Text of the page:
Hey, thanks a lot for the mention, cl. I was pretty darn stoked to make Election Day #1 and there is no doubt it's smart to have the hall of fame thing. I'm not sure I woulda quite stayed non-stop phoning all the way from 6:13 am to 8:45 pm (Alaska) without the goad. I might of hung it up at 8:30 p. The challenge and legerdephone is to make each call sound like it's the only call you've made. Pretty much the same words, but earnest and new each time.

My best line was 'Kennedy beat Nixon by one vote a precinct -- your vote really matters.' We all phoned for hours into the Webb precincts and in 2008 I get to say 'Webb beat Allen by 3 votes a precinct.'

The idea that I could call my heart out into all the key races is a tribute to MoveOn and the beautiful job they did of setting up the data bases and the interfaces and the support systems. Amazing. It was giga-swell to feel like such a pioneer of The Future.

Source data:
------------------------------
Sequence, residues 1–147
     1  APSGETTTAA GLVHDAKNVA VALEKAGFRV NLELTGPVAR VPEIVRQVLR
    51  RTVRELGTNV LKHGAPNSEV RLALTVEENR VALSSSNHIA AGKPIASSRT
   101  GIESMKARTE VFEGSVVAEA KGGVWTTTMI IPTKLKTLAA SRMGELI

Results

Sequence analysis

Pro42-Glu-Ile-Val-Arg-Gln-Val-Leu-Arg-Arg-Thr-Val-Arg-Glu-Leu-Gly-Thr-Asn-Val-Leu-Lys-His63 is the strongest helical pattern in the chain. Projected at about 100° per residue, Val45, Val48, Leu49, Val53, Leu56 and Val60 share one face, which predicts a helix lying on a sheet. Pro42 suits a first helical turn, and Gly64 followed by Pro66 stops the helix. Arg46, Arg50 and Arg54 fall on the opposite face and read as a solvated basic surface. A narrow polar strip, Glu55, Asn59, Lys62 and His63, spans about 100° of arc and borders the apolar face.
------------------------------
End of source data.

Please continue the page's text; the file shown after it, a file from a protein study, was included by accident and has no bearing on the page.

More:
Most important is that people like you not such a phone geek Did It Anyway, and next time, it'll be even easier -- you'll be an old hand. Hurray for you and the roughly 50,000 like you. It adds up. To about 7 million dials.

I'll tell more as I recover from major exhaustion of ears, but briefly it struck me that the Democrats elected a lot of grownups.

At 11/10/2006 07:18:00 AM, Blogger inkyhack said...